“Send Your Name to Mars,” a campaign by Pasadena’s Jet Propulsion Laboratory to encourage people to send in their names to be stenciled on tiny chips that will be riding in the Mars 2020 rover, has been chosen as a winner in the 2020 Webby awards – one of four that NASA received from the International Academy of Digital Arts and Sciences.
In the campaign, members of the public were invited to send their names to Mars aboard the Perseverance rover. Between May and September 2019, NASA’s Mars Public Engagement team collected a record 10.9 million names to send to the Red Planet, according to JPL. Those who sent their names also received a souvenir boarding pass.
“Send Your Name to Mars” won for Best Social Community Building and Engagement in the Webby awards, and also won the People’s Voice award in its category.
“We are very pleased that these awards show the diversity of our digital communications,” Bettina Inclán, NASA’s associate administrator for communication, said in a statement. “We won for websites, social media, videos and apps. With awards going to NASA Headquarters and three field centers, they also show the whole agency’s commitment to effective digital communication.”
Aside from JPL’s “Send Your Name to Mars,” the other NASA winners include NASA Moon Tunes, which won for Social Media in Culture and Lifestyle. NASA’s Johnson Space Center solicited songs for a playlist to accompany astronauts on their three-day trip to the Moon during the Artemis program. More than a million submissions helped build the final playlist. Moon Tunes also won the People’s Voice award in its category.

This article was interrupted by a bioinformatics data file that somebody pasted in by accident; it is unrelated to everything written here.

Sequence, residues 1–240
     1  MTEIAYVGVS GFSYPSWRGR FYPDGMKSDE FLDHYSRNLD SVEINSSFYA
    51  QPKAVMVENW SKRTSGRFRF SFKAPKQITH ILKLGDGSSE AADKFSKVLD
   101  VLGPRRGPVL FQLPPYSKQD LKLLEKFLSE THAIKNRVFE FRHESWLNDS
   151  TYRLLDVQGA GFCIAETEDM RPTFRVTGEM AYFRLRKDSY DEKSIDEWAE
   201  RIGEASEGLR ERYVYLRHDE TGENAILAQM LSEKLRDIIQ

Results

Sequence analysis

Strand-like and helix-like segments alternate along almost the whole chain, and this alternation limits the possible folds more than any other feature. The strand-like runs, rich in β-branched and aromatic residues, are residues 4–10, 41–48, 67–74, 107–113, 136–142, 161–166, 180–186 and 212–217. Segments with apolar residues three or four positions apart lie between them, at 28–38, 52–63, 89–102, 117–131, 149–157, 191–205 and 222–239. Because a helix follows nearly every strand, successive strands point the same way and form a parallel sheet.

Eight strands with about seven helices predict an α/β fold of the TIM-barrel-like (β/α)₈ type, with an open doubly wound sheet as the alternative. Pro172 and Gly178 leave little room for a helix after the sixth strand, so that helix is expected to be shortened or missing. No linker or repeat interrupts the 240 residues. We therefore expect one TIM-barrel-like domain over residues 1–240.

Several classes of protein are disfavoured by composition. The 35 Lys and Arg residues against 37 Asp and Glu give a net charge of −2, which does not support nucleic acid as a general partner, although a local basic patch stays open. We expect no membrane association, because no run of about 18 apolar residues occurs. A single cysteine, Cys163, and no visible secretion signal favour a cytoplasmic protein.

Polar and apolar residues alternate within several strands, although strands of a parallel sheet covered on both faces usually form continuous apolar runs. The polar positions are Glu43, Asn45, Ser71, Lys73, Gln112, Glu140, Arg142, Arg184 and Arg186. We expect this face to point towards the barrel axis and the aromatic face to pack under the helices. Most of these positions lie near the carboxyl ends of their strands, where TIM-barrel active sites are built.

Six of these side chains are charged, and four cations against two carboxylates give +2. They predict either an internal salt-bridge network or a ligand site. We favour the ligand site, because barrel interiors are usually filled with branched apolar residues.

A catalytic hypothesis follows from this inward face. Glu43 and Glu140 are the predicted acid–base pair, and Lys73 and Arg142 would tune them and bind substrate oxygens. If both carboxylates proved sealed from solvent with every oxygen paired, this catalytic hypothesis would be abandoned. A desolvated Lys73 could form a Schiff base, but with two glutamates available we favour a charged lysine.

NASA’s social media won its second straight Webby for Best Overall Social Presence. NASA’s flagship accounts on Twitter, Facebook and Instagram have tens of millions of followers, and the social media team regularly answers questions from the public via its #AskNASA video series and Reddit “Ask Me Anything” programs.
“NASA Explorers: Cryosphere,” part of a digital series from the Goddard Space Flight Center, also won a Webby, and highlights NASA’s scientific research around the world. “NASA Explorers” focused on research into the cryosphere, Earth’s icy reaches. The series has 1.5 million views, and Claire Parkinson, one of the featured scientists, is a finalist for a Samuel J. Heyman Service to America award.
Two other digital efforts managed by JPL were voted the People’s Voice winner: NASA’s Climate Change website and Solar System Interactive, which allows users to view the solar system from a variety of perspectives, including spacecraft.
“Our goal is to set the standard for innovation by creating digital experiences that engage, educate and inspire,” said Michael Greene, director of Communications and Education at JPL. “We are honored that these efforts are being recognized by the Webby and the People’s Voice awards.”
NASA received 12 nominations this year for the Webby awards, a record for the agency.
In 2019, there were more than 13,000 entries, and more than three million votes were cast for the People’s Voice awards, three of which went to JPL: “The Call of Climate Change” as 360 Video winner, Mars Insight Lander as Education and Discovery (social) winner, and Solar System Exploration as Science website winner.